Characterization of the surface emissivity and temperature at heterogeneous sites for different zenith viewing angles using remote sensing
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Characterization of the surface emissivity and temperature at heterogeneous sites for different zenith viewing angles using remote sensing

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Characterization of the surface emissivity and temperature at heterogeneous sites for different zenith viewing angles using remote sensing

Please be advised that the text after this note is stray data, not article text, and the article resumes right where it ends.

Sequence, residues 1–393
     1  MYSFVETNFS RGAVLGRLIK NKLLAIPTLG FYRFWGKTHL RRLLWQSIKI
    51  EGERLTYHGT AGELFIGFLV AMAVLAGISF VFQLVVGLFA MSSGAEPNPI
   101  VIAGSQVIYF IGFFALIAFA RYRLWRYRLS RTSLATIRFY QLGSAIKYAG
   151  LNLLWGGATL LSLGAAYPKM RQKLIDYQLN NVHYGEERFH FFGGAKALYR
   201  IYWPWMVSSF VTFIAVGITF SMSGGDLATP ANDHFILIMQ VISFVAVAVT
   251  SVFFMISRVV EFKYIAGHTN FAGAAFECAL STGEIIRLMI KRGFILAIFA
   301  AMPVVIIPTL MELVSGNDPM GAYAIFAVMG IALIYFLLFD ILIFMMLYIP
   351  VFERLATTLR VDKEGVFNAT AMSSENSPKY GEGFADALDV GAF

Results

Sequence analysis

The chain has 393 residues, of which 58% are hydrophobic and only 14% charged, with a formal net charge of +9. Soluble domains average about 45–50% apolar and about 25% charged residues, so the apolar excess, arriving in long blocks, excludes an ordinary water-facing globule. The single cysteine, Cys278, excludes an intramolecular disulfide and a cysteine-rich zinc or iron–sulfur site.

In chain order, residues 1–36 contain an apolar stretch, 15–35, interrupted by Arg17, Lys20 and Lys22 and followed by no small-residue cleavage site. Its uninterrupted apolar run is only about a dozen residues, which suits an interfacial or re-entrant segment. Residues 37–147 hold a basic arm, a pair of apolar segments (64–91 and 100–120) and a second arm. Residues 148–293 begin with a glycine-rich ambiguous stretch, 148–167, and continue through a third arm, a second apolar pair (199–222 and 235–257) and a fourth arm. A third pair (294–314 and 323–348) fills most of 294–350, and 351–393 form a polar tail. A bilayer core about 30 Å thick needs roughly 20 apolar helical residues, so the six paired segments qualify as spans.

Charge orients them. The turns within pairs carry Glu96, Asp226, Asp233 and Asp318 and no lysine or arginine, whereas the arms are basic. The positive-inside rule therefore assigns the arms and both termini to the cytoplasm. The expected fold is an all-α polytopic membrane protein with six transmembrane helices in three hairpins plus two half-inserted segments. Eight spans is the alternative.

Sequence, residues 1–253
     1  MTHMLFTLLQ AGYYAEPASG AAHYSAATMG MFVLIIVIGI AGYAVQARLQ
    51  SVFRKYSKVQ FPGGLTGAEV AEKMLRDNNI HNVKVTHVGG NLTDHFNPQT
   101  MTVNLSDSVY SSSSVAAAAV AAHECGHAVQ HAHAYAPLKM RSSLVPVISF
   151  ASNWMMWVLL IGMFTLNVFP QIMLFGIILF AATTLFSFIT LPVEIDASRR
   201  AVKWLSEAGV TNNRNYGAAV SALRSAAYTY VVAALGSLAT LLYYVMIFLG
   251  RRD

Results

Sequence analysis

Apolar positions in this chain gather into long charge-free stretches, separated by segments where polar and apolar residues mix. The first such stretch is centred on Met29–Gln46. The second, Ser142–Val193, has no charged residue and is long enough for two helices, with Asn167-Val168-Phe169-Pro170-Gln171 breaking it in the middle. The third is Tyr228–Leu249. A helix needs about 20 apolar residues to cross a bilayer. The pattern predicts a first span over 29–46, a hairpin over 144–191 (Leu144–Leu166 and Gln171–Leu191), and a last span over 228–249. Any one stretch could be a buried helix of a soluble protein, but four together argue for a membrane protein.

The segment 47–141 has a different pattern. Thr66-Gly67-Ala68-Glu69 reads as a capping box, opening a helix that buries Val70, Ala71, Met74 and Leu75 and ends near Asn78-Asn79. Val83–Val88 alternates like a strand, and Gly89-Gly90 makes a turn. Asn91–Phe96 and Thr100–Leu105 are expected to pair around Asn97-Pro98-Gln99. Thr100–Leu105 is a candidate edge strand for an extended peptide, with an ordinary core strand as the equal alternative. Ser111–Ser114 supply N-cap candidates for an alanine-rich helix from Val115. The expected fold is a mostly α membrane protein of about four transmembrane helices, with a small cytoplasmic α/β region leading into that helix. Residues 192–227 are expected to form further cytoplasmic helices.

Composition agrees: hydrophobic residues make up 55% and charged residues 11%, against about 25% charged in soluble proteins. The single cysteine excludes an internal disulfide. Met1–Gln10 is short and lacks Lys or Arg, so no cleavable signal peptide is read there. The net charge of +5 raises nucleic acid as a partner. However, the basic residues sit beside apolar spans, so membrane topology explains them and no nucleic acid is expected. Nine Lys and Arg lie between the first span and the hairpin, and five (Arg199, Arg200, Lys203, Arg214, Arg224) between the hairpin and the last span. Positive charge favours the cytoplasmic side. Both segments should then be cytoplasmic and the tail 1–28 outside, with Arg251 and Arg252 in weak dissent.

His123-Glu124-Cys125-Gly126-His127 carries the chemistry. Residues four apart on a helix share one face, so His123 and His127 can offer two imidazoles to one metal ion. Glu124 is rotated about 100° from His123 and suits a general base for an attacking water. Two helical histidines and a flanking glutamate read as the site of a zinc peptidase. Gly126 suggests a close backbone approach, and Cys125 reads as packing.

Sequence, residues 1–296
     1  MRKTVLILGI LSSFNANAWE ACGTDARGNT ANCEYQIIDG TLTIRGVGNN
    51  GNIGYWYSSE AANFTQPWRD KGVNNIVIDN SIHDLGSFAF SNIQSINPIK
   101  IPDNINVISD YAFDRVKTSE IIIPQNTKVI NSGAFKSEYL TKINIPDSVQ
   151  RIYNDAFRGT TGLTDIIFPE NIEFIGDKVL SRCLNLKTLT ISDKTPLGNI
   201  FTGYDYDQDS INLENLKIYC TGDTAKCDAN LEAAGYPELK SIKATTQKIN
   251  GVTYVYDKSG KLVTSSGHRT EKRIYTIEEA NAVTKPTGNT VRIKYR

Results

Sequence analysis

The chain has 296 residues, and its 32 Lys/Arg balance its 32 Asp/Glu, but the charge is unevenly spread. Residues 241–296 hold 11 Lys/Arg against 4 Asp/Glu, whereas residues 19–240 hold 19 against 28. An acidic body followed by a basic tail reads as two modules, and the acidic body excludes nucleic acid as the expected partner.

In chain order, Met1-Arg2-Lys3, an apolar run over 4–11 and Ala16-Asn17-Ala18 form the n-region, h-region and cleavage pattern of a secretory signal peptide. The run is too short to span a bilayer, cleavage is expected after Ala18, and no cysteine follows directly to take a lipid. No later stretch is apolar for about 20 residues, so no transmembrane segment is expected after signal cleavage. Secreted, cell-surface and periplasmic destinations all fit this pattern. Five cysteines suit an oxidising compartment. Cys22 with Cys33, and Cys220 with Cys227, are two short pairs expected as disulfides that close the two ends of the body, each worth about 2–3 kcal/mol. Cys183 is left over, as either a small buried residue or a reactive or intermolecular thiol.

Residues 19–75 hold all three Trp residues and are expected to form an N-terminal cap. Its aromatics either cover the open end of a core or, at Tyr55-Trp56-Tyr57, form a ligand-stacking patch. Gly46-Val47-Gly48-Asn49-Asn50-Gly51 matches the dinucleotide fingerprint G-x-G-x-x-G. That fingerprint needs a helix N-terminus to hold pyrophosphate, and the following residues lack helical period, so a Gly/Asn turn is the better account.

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dc.contributor.advisor Valor i Micó, Enric
dc.contributor.advisor Niclòs Corts, Raquel
dc.contributor.author Pérez Planells, Lluís
dc.contributor.other Facultat de Física es_ES
dc.date.accessioned 2021-02-09T12:17:04Z
dc.date.available 2022-02-10T05:45:04Z
dc.date.issued 2020 es_ES
dc.date.submitted 05-02-2021 es_ES
dc.identifier.uri https://hdl.handle.net/10550/77727